Shopping for a New Democracy

In Media, Politics, Uncategorized, World on February 16, 2011 at 6:58 pm

“Welcome to Bed, Bath and Beyond Democracy,” says the impossibly cheery sales clerk. “What can I do for you today, Mr. President?”

“Well,” President Obama says, checking out the price tag on a set of flatware before moving on to a set of the collected writings of James Madison. “Egypt is getting a new government and Michelle and I thought it would be nice to get them a democracy-warming present.”

“I’m sure we can help you find something,” says the clerk. “Do you know if they’ve registered?”

“It all happened fairly suddenly,” President Obama says. “I don’t think they had a chance.”

“Not a problem. We have many great things for a fledgling democracy. If you would just follow me.”

The clerk leads the President over to a wall of rolled-up parchments.

“This is what we call Constitution Corner where we keep all sorts of founding documents to help a nation set up a government. We have everything from the U.S. Constitution to the Act Declaring the Rights and Liberties of the Subject and Settling the Succession of the Crown also known as the English Bill of Rights to the rules governing the Soviet Politboro to Robert’s Rules of Order.”

President Obama looks at a copy of the Magna Carta. “I think the constitution is something people there are going to have to come up with on their own. What else do you have?”

“Oh, plenty. Our free press starter kit is very popular with new democracies. It helps them transform a state-run media operation into privately run system and you can get attachments so they can have a public broadcasting component and social media network.”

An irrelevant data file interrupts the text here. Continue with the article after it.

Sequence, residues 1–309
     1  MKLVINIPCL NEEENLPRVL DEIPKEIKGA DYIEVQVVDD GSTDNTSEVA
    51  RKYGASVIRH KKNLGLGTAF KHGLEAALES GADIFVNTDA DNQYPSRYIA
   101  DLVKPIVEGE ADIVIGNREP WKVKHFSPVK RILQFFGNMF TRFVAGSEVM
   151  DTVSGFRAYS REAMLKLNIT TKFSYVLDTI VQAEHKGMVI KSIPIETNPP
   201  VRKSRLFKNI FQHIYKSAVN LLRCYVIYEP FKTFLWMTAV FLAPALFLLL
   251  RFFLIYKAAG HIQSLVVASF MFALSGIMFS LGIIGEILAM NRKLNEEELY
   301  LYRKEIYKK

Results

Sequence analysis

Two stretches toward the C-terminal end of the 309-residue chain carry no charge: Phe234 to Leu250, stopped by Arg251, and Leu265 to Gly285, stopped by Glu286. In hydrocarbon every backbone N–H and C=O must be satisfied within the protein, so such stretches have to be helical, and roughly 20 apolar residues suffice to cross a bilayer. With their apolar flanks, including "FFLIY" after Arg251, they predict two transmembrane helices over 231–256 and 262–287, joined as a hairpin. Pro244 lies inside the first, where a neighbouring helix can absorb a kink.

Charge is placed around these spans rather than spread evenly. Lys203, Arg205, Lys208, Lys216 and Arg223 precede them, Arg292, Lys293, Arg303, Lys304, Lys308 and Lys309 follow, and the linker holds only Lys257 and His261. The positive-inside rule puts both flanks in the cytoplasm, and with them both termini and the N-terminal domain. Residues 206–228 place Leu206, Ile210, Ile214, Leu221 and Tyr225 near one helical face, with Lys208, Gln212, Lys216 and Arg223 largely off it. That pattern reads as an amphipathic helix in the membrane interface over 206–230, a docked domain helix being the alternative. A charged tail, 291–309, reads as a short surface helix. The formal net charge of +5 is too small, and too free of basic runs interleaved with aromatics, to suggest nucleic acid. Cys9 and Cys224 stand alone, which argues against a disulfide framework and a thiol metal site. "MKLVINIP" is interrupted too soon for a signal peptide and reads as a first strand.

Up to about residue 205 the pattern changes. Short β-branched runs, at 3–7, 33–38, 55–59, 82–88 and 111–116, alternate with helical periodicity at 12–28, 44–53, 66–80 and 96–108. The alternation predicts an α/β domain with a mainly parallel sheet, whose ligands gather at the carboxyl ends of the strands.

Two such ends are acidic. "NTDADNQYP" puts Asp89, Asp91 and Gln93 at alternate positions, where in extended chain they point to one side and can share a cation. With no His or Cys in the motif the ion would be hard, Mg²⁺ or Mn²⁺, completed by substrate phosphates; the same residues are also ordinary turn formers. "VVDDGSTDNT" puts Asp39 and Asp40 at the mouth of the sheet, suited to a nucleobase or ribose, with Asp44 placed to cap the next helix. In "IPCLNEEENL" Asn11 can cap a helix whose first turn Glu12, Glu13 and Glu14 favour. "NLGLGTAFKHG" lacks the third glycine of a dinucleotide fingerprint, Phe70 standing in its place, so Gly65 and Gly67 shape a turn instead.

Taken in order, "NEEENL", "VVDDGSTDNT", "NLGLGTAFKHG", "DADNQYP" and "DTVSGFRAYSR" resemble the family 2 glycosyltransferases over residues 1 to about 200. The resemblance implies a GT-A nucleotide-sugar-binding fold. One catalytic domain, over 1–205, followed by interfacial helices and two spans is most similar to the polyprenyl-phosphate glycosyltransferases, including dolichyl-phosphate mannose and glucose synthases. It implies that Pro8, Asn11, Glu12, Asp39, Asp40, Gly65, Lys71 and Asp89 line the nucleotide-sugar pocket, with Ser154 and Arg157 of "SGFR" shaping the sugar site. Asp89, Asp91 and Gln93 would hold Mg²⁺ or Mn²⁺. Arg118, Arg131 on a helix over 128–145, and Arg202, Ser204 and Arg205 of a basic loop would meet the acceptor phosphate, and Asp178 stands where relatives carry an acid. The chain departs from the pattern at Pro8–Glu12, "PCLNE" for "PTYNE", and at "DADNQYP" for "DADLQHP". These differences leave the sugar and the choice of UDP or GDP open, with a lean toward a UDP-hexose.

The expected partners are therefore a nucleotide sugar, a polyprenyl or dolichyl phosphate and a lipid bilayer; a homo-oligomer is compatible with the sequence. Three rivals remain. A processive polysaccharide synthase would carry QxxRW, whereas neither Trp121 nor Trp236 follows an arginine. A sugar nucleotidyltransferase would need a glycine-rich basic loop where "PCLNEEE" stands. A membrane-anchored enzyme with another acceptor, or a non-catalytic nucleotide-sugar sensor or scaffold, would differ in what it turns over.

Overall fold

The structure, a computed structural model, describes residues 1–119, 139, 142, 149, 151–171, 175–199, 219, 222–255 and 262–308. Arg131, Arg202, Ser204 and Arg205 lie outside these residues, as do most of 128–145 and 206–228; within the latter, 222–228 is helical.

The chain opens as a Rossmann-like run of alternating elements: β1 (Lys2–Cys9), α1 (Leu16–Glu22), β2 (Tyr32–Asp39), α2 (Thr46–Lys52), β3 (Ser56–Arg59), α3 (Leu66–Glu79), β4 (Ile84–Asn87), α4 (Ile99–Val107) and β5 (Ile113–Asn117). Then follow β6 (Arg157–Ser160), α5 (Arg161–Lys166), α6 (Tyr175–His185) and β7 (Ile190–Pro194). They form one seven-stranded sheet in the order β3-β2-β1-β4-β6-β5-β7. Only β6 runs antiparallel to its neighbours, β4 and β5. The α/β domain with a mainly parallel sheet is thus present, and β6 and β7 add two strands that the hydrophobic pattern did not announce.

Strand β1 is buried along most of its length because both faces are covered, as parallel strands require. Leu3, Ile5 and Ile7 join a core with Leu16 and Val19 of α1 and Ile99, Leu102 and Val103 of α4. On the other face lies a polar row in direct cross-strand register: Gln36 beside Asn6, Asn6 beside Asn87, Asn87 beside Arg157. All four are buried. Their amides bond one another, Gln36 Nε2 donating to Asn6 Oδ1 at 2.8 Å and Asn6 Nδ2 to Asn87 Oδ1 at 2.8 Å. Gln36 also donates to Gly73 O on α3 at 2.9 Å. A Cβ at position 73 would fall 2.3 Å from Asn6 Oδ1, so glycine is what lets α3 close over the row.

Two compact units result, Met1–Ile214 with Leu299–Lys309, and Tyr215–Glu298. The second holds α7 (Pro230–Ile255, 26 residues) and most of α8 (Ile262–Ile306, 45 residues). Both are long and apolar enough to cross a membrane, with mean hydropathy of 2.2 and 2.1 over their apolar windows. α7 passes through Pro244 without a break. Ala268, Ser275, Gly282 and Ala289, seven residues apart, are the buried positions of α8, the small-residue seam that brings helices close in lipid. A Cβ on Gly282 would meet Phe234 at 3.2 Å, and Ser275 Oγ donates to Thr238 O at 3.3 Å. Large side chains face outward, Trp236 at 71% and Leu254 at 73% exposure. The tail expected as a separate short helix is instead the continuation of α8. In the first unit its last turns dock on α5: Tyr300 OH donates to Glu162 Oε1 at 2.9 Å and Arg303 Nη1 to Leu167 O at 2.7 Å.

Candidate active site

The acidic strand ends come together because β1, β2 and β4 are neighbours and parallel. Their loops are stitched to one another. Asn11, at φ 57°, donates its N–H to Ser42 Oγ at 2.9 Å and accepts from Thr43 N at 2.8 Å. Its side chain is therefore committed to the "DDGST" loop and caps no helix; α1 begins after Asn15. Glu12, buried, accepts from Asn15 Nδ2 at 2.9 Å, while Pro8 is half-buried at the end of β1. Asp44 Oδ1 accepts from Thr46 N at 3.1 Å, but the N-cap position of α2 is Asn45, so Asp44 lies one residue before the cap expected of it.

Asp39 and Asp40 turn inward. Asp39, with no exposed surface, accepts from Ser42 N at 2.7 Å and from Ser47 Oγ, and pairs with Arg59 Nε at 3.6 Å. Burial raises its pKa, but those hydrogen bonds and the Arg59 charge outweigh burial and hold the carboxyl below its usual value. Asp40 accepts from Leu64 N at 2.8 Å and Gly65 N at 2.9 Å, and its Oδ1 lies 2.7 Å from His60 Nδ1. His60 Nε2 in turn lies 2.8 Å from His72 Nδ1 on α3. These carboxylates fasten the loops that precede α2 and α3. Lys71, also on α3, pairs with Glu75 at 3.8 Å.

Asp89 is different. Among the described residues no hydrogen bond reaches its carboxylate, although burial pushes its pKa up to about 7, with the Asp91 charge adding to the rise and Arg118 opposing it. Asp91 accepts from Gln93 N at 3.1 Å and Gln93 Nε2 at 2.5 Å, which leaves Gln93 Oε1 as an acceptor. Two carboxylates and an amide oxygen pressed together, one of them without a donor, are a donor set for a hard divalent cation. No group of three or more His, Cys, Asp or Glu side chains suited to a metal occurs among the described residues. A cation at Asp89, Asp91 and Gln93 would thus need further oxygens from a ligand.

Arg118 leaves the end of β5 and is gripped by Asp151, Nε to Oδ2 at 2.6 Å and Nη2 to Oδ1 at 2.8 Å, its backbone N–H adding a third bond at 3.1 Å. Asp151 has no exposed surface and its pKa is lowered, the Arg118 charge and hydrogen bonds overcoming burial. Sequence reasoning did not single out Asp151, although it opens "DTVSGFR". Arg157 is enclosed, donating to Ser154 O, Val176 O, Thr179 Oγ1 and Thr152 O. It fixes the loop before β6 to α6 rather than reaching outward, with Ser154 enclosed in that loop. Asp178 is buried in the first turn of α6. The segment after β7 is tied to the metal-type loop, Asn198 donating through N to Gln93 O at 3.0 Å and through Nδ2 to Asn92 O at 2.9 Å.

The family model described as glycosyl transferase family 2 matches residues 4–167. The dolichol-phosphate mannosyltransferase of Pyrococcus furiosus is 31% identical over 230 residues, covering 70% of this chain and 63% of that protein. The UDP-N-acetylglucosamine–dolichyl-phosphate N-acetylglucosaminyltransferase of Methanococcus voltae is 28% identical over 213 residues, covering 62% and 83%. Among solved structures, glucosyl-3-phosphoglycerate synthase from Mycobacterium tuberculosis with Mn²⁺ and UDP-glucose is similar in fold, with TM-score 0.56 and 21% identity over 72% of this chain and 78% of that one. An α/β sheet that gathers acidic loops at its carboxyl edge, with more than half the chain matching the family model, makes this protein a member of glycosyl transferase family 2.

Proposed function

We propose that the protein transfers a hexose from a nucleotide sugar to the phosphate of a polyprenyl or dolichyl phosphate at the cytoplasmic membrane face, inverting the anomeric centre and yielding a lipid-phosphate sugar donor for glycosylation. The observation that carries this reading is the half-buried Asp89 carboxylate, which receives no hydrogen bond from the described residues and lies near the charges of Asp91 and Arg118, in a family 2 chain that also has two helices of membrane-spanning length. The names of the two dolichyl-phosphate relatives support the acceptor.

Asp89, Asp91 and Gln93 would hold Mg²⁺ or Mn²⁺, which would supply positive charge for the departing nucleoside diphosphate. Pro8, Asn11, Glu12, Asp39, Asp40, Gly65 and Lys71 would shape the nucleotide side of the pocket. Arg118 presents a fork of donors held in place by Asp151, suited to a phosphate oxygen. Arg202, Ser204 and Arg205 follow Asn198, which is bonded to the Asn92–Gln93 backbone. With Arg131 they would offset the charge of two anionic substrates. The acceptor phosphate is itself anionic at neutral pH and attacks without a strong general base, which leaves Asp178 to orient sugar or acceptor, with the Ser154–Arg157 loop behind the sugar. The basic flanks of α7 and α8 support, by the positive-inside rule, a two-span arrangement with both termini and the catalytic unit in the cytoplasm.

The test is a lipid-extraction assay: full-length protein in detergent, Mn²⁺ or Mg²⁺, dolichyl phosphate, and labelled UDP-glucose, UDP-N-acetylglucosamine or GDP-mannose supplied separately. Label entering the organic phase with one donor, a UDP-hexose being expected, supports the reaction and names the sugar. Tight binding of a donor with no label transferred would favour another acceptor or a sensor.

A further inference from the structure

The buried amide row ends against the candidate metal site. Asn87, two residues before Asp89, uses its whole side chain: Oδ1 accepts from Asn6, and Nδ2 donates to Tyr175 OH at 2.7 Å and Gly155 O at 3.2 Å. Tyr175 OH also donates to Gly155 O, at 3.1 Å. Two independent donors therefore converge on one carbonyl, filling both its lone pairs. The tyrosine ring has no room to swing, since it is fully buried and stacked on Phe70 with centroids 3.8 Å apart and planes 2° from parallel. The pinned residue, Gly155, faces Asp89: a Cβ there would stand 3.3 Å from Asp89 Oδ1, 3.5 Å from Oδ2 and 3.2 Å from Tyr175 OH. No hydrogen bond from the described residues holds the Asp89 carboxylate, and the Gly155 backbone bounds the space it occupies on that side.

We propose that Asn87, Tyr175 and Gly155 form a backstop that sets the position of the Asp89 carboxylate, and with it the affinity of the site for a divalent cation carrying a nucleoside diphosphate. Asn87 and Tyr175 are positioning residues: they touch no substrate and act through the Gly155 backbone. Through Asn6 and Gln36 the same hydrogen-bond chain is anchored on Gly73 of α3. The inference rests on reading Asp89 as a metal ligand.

“That could be interesting,” the president says. “Does it come in any other colors?”

“We also have — and this has proved very popular in Central America and Chicago — a rig your own election kit. Though it does tend to work better for more advanced democracies.”

The president looks at the box. “Recommended for countries 100 and older as well as military dictatorships pretending to be governments of the people,” he reads. “Yeah… I think this is what they’re trying to move away from. Let me look at the free press kit again. Does it come with freedom of information laws or are those sold separately?”

“They’re included.”

The president keeps walking through the store, finally stopping at a very large display case with people inside. “What’s this?” he asks.

“Oh, these are political consultants. We have all sorts of political persuasions and you can even get a sampler box that comes with one of each.”

The president looks at the price tags. “Kind of expensive, no?”

The clerk smiles. “Political campaigns aren’t cheap. But I guess I don’t have to tell you that.”

The president efforts a half-hearted smile. “No. You don’t.”

At that point, Michelle walks over and joins them.

“Did you find anything,” her husband asks her.

“All sorts of things. They have that internet kill switch I know you’ve been wanting.”

“We’re not here for me. Did you see anything for Egypt?”

“There were a couple of budget-balancing kits that I thought were nice but you know what I really liked?”

The president waits.

“Cuisinart has a really nice new mixer.”

“How much?”

She whispers in his ear.

The president smiles.

“We’ll take it,” he tells the clerk. “Do you ship?”